Well, marriage vows about who’s going to take out the trash would be kind of hilarious… If I got married I’d have a prenup but only with stuff like asset division in the case of divorce etc. not about specific behavior in the marriage. As for the marriage “business plans” I think I’m just imagining it differently than others – I would see it as covering the mid-level, something between the highly abstract “we’re in this together” and “I will take out the trash on Tuesdays.” And I can see the point of that since it’s pretty easy to get lost in day-to-day discussions and it might be useful to have something more specific to refer to for guidance than “we love each other and will support each other”. I’d love to see a real example that doesn’t include silly stuff.
RedRoverRedRover September 26, 2015, 12:14 pm
That’s the thing… I don’t think there is a real example that doesn’t include silly stuff. 🙂 That’s why people are making fun of this.
Skyblossom September 25, 2015, 11:28 am
It just doesn’t seem practical. If it was an agreement on ways to talk things through and work things out when needed I’d think it was great. The examples given are about very specific things being done generally at specific intervals. Real life changes constantly so the contract that works today won’t necessarily work next week, let alone next year or next decade. I can’t imagine trying to keep living by any contract we could have written when we first got married. Life changes and changes and changes. Your location of work changes, your workload changes, you change where you live and many people have children. Illness happens.
When I was pregnant with our son I spent six weeks on total bed rest. One day the pregnancy was fine and the next day it was a threatened miscarriage. My husband took over doing everything. You’ll assume, of course he would, but these agreements don’t mention any changes as if life will just roll along in the same fashion for the rest of their lives. When my husband had cancer and was getting his radiation treatments I cooked dinner and did the dishes and took care of the baby and helped our son with homework and took him to his activities and packed his lunch and put him to bed. One day life was fine and suddenly there was cancer. You can’t write a document that covers life. You can only write a document that works for now but these documents don’t seem to acknowledge that life changes, sometimes rapidly and unexpectedly. I think they would be better off if they wrote a document that said everything can and will be renegotiated at the request of either partner, That would be living in the real world. It seems unrealistic to think that you can order your life, for life, before getting married.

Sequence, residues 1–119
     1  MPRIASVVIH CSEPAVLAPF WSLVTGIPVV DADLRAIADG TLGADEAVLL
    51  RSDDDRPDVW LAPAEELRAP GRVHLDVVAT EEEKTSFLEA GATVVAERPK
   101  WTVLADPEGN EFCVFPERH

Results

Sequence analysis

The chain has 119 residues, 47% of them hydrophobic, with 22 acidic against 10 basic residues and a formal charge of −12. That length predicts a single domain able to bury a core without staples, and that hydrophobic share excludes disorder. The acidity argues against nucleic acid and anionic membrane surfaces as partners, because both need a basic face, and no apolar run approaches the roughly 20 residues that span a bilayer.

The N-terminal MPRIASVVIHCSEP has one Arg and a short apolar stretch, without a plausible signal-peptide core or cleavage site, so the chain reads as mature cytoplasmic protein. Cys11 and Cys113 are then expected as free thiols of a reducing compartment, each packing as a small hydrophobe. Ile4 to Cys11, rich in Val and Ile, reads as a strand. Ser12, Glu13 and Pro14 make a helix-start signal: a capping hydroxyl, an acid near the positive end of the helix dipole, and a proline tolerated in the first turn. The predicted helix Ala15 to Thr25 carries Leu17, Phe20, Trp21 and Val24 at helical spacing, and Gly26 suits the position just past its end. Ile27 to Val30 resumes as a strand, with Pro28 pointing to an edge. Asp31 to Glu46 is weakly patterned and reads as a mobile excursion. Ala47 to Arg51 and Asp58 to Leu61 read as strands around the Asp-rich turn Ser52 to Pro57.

snoopy128 September 25, 2015, 3:53 pm
That’s the issue I had when I was trying to pick what my ‘thing’ would be in the poll. Like, sex minimum 1x a week sounds great. But then you put it into a contract and it becomes a chore and it doesn’t allow for flexibility and compromise. Same with ‘you cook, I clean’- generally, we follow that principle, but some nights, I will cook and clean (and vice versa) as a nice gesture. Or I need him to do both because I’m absolutely swamped.
I get the list as a tool and a conversation starter. I just couldn’t imagine what concrete ‘things’ I would want in my list (things like openness and trust aren’t concrete ‘things’ to me).
Jessibel5 September 25, 2015, 10:59 am
Isn’t this very similar to a Ketubah?
Taylor September 25, 2015, 1:00 pm
Hey, if we make rules nobody will get hurt!
What the list needs is constant kindness and forgiveness, for both your SO and yourself.
RedRoverRedRover September 25, 2015, 1:40 pm
Great point. If the contract nails down things like “regular open communication, listening to each other, treating the other’s opinion with respect, working on compromises when one person is unhappy with the situation”, then THAT would make total sense to me. If you have that, then you don’t need to specify all these fiddly little things. That stuff will work itself out in the process of communication and compromise.
But again, in my opinion, if you DON’T have this stuff, then your relationship’s already in trouble. These are the basic things you need for the relationship to work. If you’re at the point where the only way your partner will listen to your needs is by having a contract that says they have to, then it’s over already.
d2 September 25, 2015, 1:55 pm
I like the idea of sitting down with your SO and reviewing what’s important in each of your lives. I also like periodically reviewing to make sure the two of you are on the same page.
However, I don’t like the idea of creating a document that has long-term intent because people change and life happens.
K September 28, 2015, 1:41 pm
I’m surprised that one date a week is the most popular option. What constitutes a date? The two of you going out to dinner alone? My guy and I do that often, but I don’t necessarily consider it a date. Maybe if we went someplace fancy.